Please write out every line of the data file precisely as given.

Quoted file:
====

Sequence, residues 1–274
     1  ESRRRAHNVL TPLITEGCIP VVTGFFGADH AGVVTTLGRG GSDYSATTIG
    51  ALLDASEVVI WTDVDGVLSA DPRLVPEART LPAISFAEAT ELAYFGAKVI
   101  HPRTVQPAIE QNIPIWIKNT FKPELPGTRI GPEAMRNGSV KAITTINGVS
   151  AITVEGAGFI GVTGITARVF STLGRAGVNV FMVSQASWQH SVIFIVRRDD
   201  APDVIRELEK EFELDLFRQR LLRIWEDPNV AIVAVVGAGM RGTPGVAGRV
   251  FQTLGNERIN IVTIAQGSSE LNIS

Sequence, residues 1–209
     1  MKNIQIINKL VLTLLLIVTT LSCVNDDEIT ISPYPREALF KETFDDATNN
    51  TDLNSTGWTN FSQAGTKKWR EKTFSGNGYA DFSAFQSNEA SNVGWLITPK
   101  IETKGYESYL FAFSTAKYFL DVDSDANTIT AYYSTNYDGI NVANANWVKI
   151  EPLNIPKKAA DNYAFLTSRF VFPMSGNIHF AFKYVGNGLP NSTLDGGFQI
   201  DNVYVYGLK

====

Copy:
Sequence, residues 1–274
     1  ESRRRAHNVL TPLITEGCIP VVTGFFGADH AGVVTTLGRG GSDYSATTIG
    51  ALLDASEVVI WTDVDGVLSA DPRLVPEART LPAISFAEAT ELAYFGAKVI
   101  HPRTVQPAIE QNIPIWIKNT FKPELPGTRI GPEAMRNGSV KAITTINGVS
   151  AITVEGAGFI GVTGITARVF STLGRAGVNV FMVSQASWQH SVIFIVRRDD
   201  APDVIRELEK EFELDLFRQR LLRIWEDPNV AIVAVVGAGM RGTPGVAGRV
   251  FQTLGNERIN IVTIAQGSSE LNIS

Sequence, residues 1–209
     1  MKNIQIINKL VLTLLLIVTT LSCVNDDEIT ISPYPREALF KETFDDATNN
    51  TDLNSTGWTN FSQAGTKKWR EKTFSGNGYA DFSAFQSNEA SNVGWLITPK
   101  IETKGYESYL FAFSTAKYFL DVDSDANTIT AYYSTNYDGI NVANANWVKI
   151  EPLNIPKKAA DNYAFLTSRF VFPMSGNIHF AFKYVGNGLP NSTLDGGFQI
   201  DNVYVYGLK